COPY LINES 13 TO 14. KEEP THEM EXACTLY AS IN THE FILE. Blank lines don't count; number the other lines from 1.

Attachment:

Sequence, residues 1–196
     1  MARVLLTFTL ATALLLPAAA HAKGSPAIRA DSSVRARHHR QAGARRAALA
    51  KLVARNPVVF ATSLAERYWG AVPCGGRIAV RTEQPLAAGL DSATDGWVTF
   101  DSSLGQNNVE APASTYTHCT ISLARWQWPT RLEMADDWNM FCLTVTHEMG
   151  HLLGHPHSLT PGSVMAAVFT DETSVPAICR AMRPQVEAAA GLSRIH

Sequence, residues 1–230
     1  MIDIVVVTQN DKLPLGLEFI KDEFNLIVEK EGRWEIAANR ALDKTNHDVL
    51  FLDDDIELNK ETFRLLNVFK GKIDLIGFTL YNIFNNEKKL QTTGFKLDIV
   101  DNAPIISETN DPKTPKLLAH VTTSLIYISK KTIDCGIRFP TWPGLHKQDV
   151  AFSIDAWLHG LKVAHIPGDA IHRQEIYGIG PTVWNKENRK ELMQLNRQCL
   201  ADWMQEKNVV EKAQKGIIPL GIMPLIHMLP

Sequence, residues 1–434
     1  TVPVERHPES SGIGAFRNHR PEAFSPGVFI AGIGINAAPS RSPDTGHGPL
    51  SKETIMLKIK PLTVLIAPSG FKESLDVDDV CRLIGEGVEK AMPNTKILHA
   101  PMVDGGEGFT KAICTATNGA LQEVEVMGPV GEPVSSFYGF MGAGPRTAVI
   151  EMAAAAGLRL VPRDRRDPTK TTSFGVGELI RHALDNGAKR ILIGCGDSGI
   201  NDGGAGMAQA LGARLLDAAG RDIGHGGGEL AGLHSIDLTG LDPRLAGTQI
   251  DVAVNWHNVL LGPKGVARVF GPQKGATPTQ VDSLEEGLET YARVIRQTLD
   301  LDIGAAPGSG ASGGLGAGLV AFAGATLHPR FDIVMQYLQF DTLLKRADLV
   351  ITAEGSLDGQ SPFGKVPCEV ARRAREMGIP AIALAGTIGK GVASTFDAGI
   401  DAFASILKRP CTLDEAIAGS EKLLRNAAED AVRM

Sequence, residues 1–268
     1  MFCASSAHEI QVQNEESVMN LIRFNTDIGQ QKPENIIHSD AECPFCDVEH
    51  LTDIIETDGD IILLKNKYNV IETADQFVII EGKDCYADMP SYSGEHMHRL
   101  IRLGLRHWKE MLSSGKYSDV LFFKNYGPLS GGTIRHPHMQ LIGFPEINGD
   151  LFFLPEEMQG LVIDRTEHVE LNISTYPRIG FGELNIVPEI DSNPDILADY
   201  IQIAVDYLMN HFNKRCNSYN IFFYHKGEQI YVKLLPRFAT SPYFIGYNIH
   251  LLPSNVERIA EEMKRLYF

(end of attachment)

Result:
     1  TVPVERHPES SGIGAFRNHR PEAFSPGVFI AGIGINAAPS RSPDTGHGPL
    51  SKETIMLKIK PLTVLIAPSG FKESLDVDDV CRLIGEGVEK AMPNTKILHA